While independent on paper, Army Emergency Relief is housed, staffed and controlled by the U.S. Army.
That’s not illegal per se. Eric Smith, a spokesman for the Internal Revenue Service, said the agency can’t offer an opinion on a particular charity’s activities. But Marcus Owens, former head of IRS charity oversight, said charities like AER can legally partner closely with a government agency.
However, he said, problems sometimes arise when their missions diverge. “There’s a bit of a tension when a government organization is operating closely with a charity,” he said.
Most charity watchdogs view 1-to-3 years of reserves as prudent, with more than that considered hoarding. Yet the American Institute of Philanthropy says AER holds enough reserves to last about 12 years at its current level of aid.
Daniel Borochoff, president of the American Institute of Philanthropy, said that AER collects money “very efficiently. What the shame is, is they’re not doing more with it.”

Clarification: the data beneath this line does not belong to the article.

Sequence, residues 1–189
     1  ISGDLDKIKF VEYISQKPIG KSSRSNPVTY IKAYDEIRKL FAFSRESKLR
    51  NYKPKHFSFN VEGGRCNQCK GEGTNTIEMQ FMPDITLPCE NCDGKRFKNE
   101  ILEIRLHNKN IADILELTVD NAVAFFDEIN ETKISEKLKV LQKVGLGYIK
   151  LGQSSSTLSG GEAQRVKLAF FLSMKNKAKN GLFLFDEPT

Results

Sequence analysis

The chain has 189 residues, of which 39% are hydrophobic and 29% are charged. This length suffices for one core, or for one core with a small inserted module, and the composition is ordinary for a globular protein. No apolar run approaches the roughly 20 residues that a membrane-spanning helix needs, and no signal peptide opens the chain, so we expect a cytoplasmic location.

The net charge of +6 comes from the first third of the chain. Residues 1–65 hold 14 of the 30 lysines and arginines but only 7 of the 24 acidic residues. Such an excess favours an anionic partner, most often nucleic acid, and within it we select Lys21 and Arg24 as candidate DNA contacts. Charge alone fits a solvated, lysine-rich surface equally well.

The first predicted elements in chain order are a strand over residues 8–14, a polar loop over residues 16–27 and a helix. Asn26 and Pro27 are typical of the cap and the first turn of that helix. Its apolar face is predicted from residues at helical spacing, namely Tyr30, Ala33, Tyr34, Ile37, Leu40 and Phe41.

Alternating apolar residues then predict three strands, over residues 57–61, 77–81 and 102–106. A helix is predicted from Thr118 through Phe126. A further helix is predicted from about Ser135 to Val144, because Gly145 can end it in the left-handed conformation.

National administrators say they’ve tried to loosen the purse strings. The most recent yearly figures do show a tilt by AER toward increased giving.
Still, Borochoff’s organization, which grades charities, gives the Army charity an “F” because of the hoarding.
The AP findings include:
- Superior officers come calling when AER loans aren’t repaid on time. Soldiers can be fined or demoted for missing loan payments. They must clear their loans before transferring or leaving the service.
- Promotions can be delayed or canceled if loans are not repaid.
- Despite strict rules against coercion, the Army uses pushy tactics to extract supposedly voluntary contributions, with superiors using language like: “How much can we count on from you?”